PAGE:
Always trying to hide makes for no rest.  Trying to hide from God and say one’s sin is good, as in Herod and Herodias’ marital relations, or in any relationship outside of marriage between man and woman, or any relation to false gods such as money,  is to deny the reality of God’s law and so the rage.  Herod Antipas was the king of death, and Jesus Christ, the King of life.  Kings of this world associate with the famous and the powerful, Jesus with sinners and outcasts.  Tyrants, for all their terror, are weak and unable to deal with people except by brute force.  Jesus, the king, instead bore our weakness and woes and is strong, as John, to stand-up for the truth of the Father’s Word for others, not by brute force, but steadfast love in the Word.  Herod Antipas was cowed by others and his polling numbers, but Jesus is in control, over wind and wave and storm, and the storms of wickedness.  Rulers of this world, while making all sorts of noise about serving others, want to be served, our King, our Lord serves by His life given to us. Herod Antipas, and most rulers, only have finally the threat of death and gave John over to death, Jesus offered Himself to death for others, as recorded in Mark’s Gospel:  “For even the Son of Man came not to be served but to serve, and to give his life as a ransom for many.”  He has the promise of eternal life, for we are already are dead in our trespasses and have been made alive in Christ through faith in Holy Baptism.  We are dressed in Christ for His Table.  Yet there is rest from wickedness, from sin and sorrow. There is actually rest from the wicked.   The banquet of death fills but never satisfies but the Lord’s banquet of life fills the soul with His good things: grace, mercy and peace.  The world at its table, with it’s sweet meats and enticements is folly and all who eat are only fooling themselves, but the Lord, our wisdom has invited us to His House of Bread, Bethlehem and the banquet of life. Yes, John the Baptist preached to a tyrant overthrowing the commands of marriage and his life was forfeit for his preaching. We have the duty from the Lord so to teach.  We reject evil and the devil and his empty promises.  We openly confess Christ. We confess the Word, Law and Promise.  The Lord calls us  to rebuke a brother when he is wrong. But one may say,  Oh, I have nothing in common with him, yes we do:  we are all sinners and for us all Christ has died and rose again, that we have life.  We are all created by the one true God, Father, Son and Holy Spirit.  We are all fed on this earth by His almighty hand.  We all share this earth. We all have received the same laws. We are all invited by the Lord to His table and His Body and blood, and let us not say we have nothing in common with them.  As kind of bridge verse, the next verses after today’s Gospel the disciples return from their first missionary journey and Christ sees they need rest and they go apart to a desolate place.  Then next week’s Gospel the feeding of the 5,000 and the contrast between the Lord’s banquet and Herod’s.  The thousands come only with their hunger.  After Psalm 36 verse cited earlier,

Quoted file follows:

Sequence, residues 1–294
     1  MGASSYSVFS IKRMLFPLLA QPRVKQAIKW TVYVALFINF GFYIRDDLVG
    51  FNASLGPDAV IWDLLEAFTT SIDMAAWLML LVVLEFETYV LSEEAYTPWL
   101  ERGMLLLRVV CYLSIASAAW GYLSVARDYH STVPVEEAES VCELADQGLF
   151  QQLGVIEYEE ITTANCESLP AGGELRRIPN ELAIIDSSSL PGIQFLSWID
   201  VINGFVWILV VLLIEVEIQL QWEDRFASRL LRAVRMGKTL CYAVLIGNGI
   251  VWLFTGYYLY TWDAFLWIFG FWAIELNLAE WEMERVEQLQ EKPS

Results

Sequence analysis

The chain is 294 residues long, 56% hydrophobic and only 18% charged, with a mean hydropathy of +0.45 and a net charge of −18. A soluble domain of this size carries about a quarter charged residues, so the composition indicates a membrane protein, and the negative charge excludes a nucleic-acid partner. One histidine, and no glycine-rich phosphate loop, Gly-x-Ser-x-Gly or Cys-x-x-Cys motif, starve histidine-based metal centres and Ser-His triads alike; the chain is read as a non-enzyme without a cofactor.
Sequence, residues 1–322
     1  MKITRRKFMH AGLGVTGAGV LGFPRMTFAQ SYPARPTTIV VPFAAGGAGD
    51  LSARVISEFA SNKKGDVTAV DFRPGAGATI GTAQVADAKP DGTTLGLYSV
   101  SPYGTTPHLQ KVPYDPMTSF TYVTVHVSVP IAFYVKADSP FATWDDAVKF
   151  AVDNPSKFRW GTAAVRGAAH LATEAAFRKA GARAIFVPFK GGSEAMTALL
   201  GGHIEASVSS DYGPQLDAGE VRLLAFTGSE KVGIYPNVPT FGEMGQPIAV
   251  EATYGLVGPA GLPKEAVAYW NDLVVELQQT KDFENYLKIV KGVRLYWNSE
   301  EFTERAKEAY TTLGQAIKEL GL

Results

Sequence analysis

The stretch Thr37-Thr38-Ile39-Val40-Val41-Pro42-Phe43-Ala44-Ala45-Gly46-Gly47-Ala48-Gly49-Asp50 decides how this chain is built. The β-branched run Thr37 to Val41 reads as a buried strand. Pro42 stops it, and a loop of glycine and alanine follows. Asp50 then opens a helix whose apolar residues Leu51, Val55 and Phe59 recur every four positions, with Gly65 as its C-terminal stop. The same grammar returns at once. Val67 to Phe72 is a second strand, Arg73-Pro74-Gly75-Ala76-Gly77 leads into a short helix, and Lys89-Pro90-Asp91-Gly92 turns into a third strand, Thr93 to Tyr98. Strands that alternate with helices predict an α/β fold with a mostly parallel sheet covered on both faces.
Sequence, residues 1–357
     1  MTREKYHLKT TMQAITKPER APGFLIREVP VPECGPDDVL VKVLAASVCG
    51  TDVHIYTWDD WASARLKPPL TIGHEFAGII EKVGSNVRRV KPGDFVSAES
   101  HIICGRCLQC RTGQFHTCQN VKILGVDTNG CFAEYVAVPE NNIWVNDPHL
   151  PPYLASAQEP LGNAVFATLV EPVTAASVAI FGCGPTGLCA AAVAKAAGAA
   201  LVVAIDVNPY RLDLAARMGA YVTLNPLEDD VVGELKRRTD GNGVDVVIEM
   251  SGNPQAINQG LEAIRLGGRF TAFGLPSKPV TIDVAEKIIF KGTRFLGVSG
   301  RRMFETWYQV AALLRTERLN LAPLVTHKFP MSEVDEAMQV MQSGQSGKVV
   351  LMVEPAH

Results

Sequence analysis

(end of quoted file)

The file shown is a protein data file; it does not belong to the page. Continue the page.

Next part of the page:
He plots trouble while on his bed;     he sets himself in a way that is not good;     he does not reject evil.

then,

Your steadfast love, O Lord, extends to the heavens,     your faithfulness to the clouds. Your righteousness is like the mountains of God;     your judgments are like the great deep;     man and beast you save, O Lord.

Such a contrast between the plots of men and the steadfast love of the Lord!  The plots of men and tyrants are stifling and temporal, but the will of the Lord is freedom and eternal and He has freed you.  It is only by the promises of God fulfilled in Christ that we can live in these dark days. The Lord has a better plan than all the plots of men and tyrants:

In him we have redemption through his blood, the forgiveness of our trespasses, according to the riches of his grace, which he lavished upon us, in all wisdom and insight making known to us the mystery of his will,according to his purpose, which he set forth in Christ 10 as a plan for the fullness of time, to unite all things in him, things in heaven and things on earth. (Ephesians 1)